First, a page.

When trying to decide how best to get out information to students and faculty, school marketers are always looking for more information. What works best? What doesn’t work? And what do students want?
At Cheshire Academy, we conducted a survey during the 2015-2016 school year designed to determine the effectiveness of the digital signs around campus, called the CatTVs, that show announcements, events, college visits, and athletic scores. These signs were expensive to implement, but we figured it would be worth it when we considered how easily they pulled from our content management system and the paper waste we hoped to eliminate from poster creation. However, did students feel the same way?
According to our survey, which was filled out by 166 current students and faculty, 62% of respondents with an opinion that was either positive or negative felt that the digital signs were useful. 76% thought the signs displayed relevant information.
To be frank, though, the majority of respondents truly did not care about the digital signs. 42% did not have an opinion on whether or not there should be more digital signs and did not have an opinion about what form of communication the school should use to convey important information.
The dining hall menu was by far the most popular digital sign content, with 44% of users often checking the menu and 24% occasionally checking the menu.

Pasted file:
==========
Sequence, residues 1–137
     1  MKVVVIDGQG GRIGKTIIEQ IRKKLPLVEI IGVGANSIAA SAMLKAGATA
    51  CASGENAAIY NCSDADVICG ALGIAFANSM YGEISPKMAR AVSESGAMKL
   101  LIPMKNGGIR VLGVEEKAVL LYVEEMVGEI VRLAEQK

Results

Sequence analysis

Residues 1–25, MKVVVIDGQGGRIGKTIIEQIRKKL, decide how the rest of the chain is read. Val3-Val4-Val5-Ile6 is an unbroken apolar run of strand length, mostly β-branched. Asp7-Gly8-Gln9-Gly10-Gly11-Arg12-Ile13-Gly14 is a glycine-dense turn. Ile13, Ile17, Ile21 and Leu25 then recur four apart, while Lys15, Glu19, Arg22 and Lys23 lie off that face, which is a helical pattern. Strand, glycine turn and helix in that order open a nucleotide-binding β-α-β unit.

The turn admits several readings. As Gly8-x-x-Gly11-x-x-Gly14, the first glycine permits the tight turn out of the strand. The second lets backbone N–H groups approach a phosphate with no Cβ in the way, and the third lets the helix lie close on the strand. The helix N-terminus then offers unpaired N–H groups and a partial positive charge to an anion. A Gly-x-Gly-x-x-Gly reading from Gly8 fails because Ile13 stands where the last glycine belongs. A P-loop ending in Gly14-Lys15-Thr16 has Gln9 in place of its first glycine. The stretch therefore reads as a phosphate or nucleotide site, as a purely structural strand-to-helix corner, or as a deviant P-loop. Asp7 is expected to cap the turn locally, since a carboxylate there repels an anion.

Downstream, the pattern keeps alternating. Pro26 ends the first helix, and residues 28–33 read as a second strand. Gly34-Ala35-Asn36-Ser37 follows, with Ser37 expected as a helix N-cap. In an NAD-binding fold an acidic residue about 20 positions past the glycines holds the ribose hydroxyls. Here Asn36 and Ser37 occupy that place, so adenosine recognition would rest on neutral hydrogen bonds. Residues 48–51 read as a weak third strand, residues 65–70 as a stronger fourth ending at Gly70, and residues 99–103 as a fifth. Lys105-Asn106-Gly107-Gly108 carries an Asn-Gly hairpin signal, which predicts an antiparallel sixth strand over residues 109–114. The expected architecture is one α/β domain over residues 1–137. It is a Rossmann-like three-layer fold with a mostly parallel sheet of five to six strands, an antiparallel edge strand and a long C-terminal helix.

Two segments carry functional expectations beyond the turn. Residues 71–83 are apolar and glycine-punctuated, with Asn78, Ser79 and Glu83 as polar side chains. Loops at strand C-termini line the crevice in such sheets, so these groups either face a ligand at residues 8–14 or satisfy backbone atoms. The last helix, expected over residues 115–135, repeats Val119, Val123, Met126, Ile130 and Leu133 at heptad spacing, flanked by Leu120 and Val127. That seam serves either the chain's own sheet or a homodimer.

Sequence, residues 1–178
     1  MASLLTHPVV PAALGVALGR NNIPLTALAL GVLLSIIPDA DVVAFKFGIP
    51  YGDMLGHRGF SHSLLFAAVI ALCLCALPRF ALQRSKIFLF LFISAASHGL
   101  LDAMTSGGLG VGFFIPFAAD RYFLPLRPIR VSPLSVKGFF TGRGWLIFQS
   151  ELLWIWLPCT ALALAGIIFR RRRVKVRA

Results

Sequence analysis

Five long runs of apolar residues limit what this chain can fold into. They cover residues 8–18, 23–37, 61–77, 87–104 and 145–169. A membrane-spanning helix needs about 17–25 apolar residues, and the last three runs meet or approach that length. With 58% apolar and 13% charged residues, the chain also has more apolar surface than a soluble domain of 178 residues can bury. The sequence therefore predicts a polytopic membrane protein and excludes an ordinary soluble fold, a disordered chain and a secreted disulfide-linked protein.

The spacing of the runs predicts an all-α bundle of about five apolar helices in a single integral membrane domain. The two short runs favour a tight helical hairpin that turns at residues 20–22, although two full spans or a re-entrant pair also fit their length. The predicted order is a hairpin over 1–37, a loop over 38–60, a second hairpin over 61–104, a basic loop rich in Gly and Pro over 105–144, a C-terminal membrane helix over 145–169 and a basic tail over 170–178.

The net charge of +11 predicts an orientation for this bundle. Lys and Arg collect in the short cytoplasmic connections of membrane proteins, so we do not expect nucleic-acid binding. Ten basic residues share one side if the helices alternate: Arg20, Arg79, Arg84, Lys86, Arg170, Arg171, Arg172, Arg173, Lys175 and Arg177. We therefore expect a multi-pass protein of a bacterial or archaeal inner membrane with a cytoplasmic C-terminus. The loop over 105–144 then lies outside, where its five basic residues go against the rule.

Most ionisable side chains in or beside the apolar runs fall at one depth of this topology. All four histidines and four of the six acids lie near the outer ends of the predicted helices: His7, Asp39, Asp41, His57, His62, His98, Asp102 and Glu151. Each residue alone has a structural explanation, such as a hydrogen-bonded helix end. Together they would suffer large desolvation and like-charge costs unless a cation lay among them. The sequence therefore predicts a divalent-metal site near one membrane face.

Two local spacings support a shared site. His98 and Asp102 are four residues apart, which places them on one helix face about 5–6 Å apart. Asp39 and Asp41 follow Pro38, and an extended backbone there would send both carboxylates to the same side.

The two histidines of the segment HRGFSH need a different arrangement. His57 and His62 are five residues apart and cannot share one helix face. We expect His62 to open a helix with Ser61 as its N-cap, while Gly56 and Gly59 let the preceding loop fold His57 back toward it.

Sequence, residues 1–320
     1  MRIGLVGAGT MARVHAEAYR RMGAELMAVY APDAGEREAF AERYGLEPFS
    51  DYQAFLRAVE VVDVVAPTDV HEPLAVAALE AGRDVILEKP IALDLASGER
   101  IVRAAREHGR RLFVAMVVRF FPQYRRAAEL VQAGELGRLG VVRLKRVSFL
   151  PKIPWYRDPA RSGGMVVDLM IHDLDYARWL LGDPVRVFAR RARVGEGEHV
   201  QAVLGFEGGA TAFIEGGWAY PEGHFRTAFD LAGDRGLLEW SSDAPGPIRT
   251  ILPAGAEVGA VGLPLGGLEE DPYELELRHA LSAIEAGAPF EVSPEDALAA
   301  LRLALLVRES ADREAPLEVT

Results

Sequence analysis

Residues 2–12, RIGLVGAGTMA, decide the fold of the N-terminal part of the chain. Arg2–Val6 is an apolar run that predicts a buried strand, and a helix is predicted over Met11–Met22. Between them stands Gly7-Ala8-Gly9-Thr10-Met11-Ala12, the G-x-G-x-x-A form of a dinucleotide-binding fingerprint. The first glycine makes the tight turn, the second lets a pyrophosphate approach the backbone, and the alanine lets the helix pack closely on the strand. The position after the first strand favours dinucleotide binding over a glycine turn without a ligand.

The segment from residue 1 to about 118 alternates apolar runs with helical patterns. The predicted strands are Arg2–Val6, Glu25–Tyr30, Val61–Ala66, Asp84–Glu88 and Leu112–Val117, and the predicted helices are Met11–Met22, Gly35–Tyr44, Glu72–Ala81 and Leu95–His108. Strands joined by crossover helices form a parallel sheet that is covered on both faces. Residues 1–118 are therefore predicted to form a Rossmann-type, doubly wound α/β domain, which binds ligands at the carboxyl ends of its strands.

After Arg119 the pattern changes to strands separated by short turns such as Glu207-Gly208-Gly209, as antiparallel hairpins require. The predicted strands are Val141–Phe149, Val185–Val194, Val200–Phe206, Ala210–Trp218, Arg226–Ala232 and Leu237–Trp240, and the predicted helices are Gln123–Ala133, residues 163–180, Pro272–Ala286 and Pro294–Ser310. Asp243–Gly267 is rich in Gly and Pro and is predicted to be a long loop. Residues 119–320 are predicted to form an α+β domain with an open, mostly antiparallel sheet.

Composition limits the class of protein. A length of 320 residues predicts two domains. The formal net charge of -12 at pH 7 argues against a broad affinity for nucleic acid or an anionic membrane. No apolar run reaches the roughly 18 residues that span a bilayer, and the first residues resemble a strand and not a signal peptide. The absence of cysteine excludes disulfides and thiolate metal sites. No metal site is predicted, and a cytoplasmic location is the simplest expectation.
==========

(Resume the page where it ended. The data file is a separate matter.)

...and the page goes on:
71% of boarding and day students often or occasionally check the digital signs for the athletic game schedule, while 60% check the signs for athletic scores. 46% of students wanted digital signs at the entrance to each dorm, while 41% felt like no digital signage was necessary in the library.
While 42% of students said they would use an interactive kiosk, suggestions for the placement of kiosks did not go over well, with most students preferring digital signs when given a choice between the two. 61% of students said they would use an app, and several students wrote in that digital signs were a waste of money. One student suggested we sell them on ebay!
Looking at the numbers, it’s clear that students would prefer an app to digital signs, which is something we’re looking into developing at the Academy. If your school considering implementing digital signs (or like us, maybe you’re looking to see how effective they are)? If so, I hope you find this information helpful!